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Subject: Re: Bike shedding for Christmas: P1885 Naming Text Encodings
From: Tom Honermann (tom_at_[hidden])
Date: 2020-01-06 22:24:23


On 1/6/20 8:27 AM, Thiago Macieira via SG16 wrote:
> On Monday, 6 January 2020 10:09:26 -03 Corentin Jabot wrote:
>>> And yet that is nonsense. It can't convert a codec name to its MIB number
>>> unless that is in a table somewhere the implementation has access to. So
>>> by
>>> definition, the text_encoding_id is limited to the codecs the Standard
>>> Library
>>> knows about. Other libraries should deploy their own text_encoding_id
>>> equivalents.
>> That is a good point for which i think the solution might be to force
>> hosted implementation to
>> always provide the entire table (which is really not that big) ?
> It's not, but even then you have the problem that the table in the vendor's
> implementation may be out of date compared to what the application expects.
> And are vendors allowed to extend the table with other names, such as WTF-8?
>
> Like I said, if all you wanted was the table, you can get the table. I'll
> write an XSL-T script for you to generate the table....
>
>> I think at some point we lost track of what the proposal is about:
>> It's about answering:
>> - What is the execution character encoding (which only the implementation
>> can do)
>> - What is the environment encoding (which the implementation can do better)
> Ok, good points. If we restrict text_encoding_id to those, then
> text_encoding_id has no need to support the full table or unknown codecs. By
> definition, it supports only what the implementation supports.
In Belfast, we discussed the following example in the context of
[time.duration.io]p4 <http://eel.is/c++draft/time.duration#io-4>;
printing of the micro units suffix:

    template<class traits, class Rep, class Period>
    void print_fancy_suffix(basic_ostream<char, traits>& os, const
    duration<Rep, Period>& d)
    {
     Â  if constexpr (text_encoding::literal().mib == UTF-8) {
     Â Â Â  os << d.count() << "\u00B5s";
     Â  } else {
     Â Â Â  os << d.count() << "us";
     Â  }
    }

I see that as one of the primary motivating use cases at present. 
However, I don't think this represents the extent of use cases well.

I would like to see these encoding identifiers adopted for use in ICU,
iconv, QT, or other encoding providers.  I think these encoding
identifiers could be useful in the context of P1629
<https://wg21.link/p1629>.

I don't want to see code doing string comparisons to match encodings.

The set of encodings an implementation cares about is hard to determine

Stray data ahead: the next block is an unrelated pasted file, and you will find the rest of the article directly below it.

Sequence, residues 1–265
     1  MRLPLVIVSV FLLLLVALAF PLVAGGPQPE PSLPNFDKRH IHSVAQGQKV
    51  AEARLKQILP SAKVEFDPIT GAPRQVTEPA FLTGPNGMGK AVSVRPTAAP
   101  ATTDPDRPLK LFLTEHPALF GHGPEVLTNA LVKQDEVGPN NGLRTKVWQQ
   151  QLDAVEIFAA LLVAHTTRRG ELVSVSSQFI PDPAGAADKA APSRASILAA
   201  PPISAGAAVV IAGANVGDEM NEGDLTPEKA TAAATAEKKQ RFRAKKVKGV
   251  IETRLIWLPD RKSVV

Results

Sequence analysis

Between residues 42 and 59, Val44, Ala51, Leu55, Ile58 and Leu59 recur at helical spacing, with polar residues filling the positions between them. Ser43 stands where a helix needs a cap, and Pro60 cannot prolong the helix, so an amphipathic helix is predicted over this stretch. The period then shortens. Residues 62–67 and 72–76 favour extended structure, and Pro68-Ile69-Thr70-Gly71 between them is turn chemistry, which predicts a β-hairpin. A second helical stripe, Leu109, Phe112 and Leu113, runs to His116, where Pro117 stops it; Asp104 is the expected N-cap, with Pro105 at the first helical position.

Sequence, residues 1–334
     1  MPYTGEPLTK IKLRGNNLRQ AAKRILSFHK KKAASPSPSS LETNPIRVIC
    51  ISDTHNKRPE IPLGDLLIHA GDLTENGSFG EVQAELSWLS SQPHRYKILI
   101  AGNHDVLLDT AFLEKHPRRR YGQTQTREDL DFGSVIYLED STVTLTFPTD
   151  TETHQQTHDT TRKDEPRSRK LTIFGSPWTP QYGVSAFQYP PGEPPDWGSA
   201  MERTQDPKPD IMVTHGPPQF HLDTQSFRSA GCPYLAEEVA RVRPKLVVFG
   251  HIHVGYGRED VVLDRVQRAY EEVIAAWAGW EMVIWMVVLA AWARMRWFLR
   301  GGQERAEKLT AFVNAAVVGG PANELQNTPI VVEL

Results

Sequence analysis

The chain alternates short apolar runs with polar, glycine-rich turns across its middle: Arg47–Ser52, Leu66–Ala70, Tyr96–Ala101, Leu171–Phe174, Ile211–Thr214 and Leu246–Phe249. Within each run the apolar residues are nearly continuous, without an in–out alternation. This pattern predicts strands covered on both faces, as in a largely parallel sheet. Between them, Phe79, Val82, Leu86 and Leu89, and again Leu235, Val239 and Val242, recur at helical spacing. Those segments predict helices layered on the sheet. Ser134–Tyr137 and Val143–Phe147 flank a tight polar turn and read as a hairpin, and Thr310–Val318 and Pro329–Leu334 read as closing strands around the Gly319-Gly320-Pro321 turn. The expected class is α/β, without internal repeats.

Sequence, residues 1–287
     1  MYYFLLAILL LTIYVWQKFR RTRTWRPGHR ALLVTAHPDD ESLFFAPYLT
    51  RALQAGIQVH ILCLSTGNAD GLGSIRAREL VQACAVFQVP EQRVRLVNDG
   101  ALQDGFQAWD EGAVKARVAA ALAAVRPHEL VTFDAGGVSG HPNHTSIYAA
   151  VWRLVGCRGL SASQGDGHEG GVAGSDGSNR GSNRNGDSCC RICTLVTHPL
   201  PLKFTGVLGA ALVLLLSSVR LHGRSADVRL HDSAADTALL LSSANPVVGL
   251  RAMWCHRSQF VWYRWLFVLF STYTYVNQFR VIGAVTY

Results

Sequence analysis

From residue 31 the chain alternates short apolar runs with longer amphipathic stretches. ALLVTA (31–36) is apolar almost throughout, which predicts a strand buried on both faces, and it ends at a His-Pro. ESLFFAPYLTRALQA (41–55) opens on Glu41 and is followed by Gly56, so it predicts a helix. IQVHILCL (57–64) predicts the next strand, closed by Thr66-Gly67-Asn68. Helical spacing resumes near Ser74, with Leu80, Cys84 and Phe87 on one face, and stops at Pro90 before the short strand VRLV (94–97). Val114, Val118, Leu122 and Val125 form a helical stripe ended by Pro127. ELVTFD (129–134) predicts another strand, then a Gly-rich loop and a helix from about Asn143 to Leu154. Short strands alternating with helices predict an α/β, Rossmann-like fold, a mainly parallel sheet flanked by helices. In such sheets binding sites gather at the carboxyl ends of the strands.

since it crosses compiler, standard library, and third party
boundaries.  For example, my understanding is that gcc relies on the
host system's iconv() implementation to determine the valid execution
character set targets and to transcode from source file encoding, at
least for many encodings.  So, for gcc, the set of encodings needed to
provide complete support (e.g., to avoid .mib() returning other or
unknown for a supported encoding) would involve negotiation between the
compiler, run-time library, and host system.

>
>> And have that information be consistent across platform when possible (for
>> interaction with libraries such as Qt, icu, iconv) - everything else is
>> secondary.
>> Which means an implementation will provide informations about encoding
>> relevant to the platform.
>>
>> Now, an encoding id is 3 things:
>> - A name,
>> - A mib when applicable
>> - Aliases when applicable
> Agreed, though implementations should be wary that the alias list might be
> empty. Portable applications should rely on the MIB and on the official name.

What are you referring to as the "official name"?  The IANA character
registry
<https://www.iana.org/assignments/character-sets/character-sets.xhtml>
lists two names and a set of aliases. One of the names is labeled as
"Preferred MIME Name", the other is just "Name".  Not all registered
character sets have a "Preferred MIME Name".  They all do have a
"Name".  There are cases where neither the "Preferred MIME Name" nor the
"Name" are reflected in the list of aliases.  All of the registered sets
also contain an identifier friendly alias starting with "cs".  The
"Name" name is not a particularly friendly name (since it includes a
version date), nor is it particularly familiar in many cases (e.g.,
"Extended_UNIX_Code_Packed_Format_for_Japanese" vs "EUC-JP").

>
>> And the name used to construct the object is used to lookup the extra
>> optional informations.
>> I think the only reason to differentiate "unknown" and "other" in the way
>> you suggest is if
>> we need to support aliases for non registered encodings.
>> Is that the case?
> I think the implementation should strive to never return "unknown", except in
> case of an internal failure to determine what the encoding is. As a matter of
> quality, implementations should be designed not to do that.
>
> And yet providing a list of well-known MIBs is useful in and of itself. In
> that case, mib::unknown is a valid and well-known value.
>
I think the proposal is leaning too heavily on the IANA registry.  For
example, operator== is specified in terms of what the .mib() member
function returns.  In previous emails, Thiago suggested that the
text_encoding_id class could be more opaque; e.g., it could have its own
internal system for identifying whether two names refer to the same,
potentially unregistered, encoding (in which case, .mib() would return
other, but this would not impact the behavior of operator==).  I
strongly agree with this direction.

Tom.



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